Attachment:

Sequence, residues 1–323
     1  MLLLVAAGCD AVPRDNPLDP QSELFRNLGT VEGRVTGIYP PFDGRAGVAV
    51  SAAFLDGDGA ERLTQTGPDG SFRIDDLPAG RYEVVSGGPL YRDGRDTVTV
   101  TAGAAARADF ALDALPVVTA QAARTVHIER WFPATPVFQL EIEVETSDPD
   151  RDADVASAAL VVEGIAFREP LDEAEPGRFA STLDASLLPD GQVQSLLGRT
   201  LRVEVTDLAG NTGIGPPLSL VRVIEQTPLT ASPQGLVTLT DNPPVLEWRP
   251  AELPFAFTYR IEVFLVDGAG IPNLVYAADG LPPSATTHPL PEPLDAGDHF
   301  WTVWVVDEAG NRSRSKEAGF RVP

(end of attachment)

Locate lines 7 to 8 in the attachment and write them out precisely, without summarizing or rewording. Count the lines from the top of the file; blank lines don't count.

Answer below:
   251  AELPFAFTYR IEVFLVDGAG IPNLVYAADG LPPSATTHPL PEPLDAGDHF
   301  WTVWVVDEAG NRSRSKEAGF RVP